Your response (March 28) to Marilyn H.'s inquiry was lucid and thorough, and correct EXCEPT:

Your response (March 28) to Marilyn H.'s inquiry was lucid and thorough, and correct EXCEPT:

"Think of the 1st century. It began with year 1, ... and ended with the close of the year 99." Thus, the 1st century was 99 years long?! No, it wasn't! There can be no such thing as a 99-year century. The 1st century ended with the close of the year 100. As the start of the 1st century was year one, the start of each succeeding century has been '01, and each has ended with the year '00.

Which explains my exasperation with the worldwide celebration of Jan. 1, 2000, which was greeted as the start of a "new century, new millennium." It was neither. The century and the millennium started on Jan. 1, 2001.

Am I the only one left who is cognizant of this simple fact?

Cordially,

— Grant S., Medford

You are absolutely right. We goofed. The 2nd century didn't start until the year 101. And so on.

But we would like to argue that you're wrong in spirit about the millennium argument. We simple folk here at Since You Asked's Bastion of Millennial Celebration Defenders like folded corners, solid colors, clean numbers. Right or wrong, switching from 1999 to 2000, on its face, is more celebration-worthy than going from 2000 to 2001. It's like how we say a prayer of thanks when our old beater car's odometer rolls from 199,999 to 200,000 miles — we've broken the hoopty barrier!

And yes, you were the only one cognizant of this simp- ... er ... hang on a sec. We got an e-mail.

OK, Scott W. also is cognizant and agrees wholeheartedly with you on the millennium thing. On the years he urges us wisely to "Count them!" Fair enough.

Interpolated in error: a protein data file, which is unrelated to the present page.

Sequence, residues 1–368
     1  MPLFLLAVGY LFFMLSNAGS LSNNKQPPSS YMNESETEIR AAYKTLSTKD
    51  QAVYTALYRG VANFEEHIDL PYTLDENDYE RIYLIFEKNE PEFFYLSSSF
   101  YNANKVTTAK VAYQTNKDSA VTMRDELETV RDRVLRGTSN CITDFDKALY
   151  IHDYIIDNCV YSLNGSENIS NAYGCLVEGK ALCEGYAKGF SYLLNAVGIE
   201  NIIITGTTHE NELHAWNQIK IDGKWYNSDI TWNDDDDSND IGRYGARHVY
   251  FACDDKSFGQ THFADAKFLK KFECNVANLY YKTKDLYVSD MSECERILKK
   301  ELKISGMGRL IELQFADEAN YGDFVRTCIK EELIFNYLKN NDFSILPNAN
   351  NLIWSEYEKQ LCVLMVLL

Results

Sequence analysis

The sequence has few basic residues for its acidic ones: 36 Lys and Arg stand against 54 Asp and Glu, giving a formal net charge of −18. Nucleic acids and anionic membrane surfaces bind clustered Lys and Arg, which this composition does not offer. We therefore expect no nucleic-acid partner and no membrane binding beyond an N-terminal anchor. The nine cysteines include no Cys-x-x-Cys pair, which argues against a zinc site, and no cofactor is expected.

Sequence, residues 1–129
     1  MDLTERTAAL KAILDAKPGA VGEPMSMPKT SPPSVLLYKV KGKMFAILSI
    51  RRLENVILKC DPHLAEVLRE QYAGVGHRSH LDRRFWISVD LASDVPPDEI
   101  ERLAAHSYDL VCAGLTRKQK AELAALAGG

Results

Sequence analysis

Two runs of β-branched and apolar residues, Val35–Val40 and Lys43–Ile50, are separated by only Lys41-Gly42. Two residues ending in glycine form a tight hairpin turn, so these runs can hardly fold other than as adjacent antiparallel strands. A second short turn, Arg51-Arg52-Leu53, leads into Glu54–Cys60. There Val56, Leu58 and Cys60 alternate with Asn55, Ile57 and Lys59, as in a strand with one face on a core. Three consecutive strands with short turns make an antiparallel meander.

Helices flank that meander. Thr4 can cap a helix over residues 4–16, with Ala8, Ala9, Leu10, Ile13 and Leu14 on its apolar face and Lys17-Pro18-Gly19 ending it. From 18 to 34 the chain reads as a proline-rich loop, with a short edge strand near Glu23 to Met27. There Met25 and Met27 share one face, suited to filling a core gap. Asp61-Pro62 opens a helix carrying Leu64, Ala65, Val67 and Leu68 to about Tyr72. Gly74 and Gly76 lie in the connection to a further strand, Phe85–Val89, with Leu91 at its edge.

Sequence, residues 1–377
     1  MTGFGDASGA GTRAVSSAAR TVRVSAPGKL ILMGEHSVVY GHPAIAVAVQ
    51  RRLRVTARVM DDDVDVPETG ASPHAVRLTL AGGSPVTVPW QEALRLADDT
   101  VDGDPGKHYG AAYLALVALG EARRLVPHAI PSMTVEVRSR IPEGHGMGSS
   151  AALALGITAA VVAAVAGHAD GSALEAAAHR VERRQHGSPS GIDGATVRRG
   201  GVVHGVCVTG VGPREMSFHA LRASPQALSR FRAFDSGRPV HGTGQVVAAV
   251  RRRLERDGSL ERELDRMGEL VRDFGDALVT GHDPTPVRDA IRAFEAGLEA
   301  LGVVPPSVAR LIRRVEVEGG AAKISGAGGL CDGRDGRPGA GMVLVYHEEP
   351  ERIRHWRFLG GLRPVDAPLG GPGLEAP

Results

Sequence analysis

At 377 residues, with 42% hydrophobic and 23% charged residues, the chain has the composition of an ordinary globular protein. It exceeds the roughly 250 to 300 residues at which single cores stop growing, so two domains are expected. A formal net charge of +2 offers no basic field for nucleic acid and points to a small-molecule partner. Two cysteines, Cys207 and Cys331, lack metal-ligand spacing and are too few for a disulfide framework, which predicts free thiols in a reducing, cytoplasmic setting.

So you and Scott are the only two peo- ... uh ... another e-mail. Just a moment ...

OK, Gloria's cognizant, too. She asked us if we "looked this one up." Apparently not, Gloria, and we deserve to have our noses rubbed in it. She apologizes "for being so picky." We love your pickiness, Gloria (and Scott and Grant)! Don't ever change!

Um ... OK. Another couple of e-mails. Wang Lo wants to sell us an herbal "upsizing" tincture, but Joel C. writes to say he, too, is highly cognizant and also points out that all the rest of you, and we, aren't quite so cognizant as to recognize that "Anno Domino" is not Latin "the year of our Lord"; that would be Anno Domini. "Anno Domino" is, as we all know, "The Year of Our Fats Domino," which was 1955, the year his "Ain't That a Shame" exploded onto the rock charts.

Whoa! Several more e-mails. What's this ... "server overloaded" message? Angry calls from corporate IT ... Wow, we're popular today, glad to see everyone is cogniza- ... Hey! Yes, we do in fact have a human mother, and, yes, she loves us! And no, our father in fact NEVER "smelled of elderberries"! As far as we know. OK, there was that one time, but he washed up right after.

We goofed. You nailed us. The reporter and editor responsible are now wearing the requisite 40-pound beard of bees. Angry bees. We hope you can overlook our infrequent flaws and see the soft gooey center surrounded by crunchy and occasionally useful information.

Send questions to "Since You Asked," Mail Tribune Newsroom, P.O. Box 1108, Medford, OR 97501; by fax to 541-776-4376; or by e-mail to youasked@mailtribune.com. We get so many questions we can't answer them all, but we'll try.